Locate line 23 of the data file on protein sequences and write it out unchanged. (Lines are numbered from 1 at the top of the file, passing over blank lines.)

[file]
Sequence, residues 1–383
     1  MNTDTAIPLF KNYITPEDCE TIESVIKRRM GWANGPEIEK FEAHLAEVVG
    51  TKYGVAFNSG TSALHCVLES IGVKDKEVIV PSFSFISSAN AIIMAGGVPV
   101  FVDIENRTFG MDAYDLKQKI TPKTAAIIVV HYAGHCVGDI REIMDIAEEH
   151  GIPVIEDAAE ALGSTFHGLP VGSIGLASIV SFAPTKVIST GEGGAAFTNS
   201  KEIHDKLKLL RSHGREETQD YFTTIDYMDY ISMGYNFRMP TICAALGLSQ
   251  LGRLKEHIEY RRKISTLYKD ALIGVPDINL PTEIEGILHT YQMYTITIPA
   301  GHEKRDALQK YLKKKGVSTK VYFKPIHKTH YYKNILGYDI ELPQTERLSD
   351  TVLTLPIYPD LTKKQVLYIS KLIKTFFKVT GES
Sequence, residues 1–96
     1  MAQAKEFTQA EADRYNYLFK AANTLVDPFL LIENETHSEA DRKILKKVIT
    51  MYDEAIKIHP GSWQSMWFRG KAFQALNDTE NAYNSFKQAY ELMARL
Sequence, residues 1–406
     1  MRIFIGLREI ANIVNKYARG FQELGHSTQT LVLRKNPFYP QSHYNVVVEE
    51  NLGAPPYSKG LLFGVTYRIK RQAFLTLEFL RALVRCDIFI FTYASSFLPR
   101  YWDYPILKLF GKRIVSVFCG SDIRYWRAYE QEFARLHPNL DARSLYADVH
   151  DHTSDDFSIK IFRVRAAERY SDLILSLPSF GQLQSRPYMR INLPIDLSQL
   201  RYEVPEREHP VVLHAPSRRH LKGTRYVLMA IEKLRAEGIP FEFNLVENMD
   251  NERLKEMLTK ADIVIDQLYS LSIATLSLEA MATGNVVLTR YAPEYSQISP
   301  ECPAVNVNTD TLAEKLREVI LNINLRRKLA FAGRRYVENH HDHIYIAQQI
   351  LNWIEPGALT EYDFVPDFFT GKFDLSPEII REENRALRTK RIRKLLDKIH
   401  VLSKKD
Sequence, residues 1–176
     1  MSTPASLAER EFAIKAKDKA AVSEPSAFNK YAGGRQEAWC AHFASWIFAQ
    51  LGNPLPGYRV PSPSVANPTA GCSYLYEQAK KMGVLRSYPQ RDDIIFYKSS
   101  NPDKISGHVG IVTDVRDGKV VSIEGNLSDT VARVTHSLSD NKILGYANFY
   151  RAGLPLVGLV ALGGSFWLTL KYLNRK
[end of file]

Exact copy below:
Sequence, residues 1–176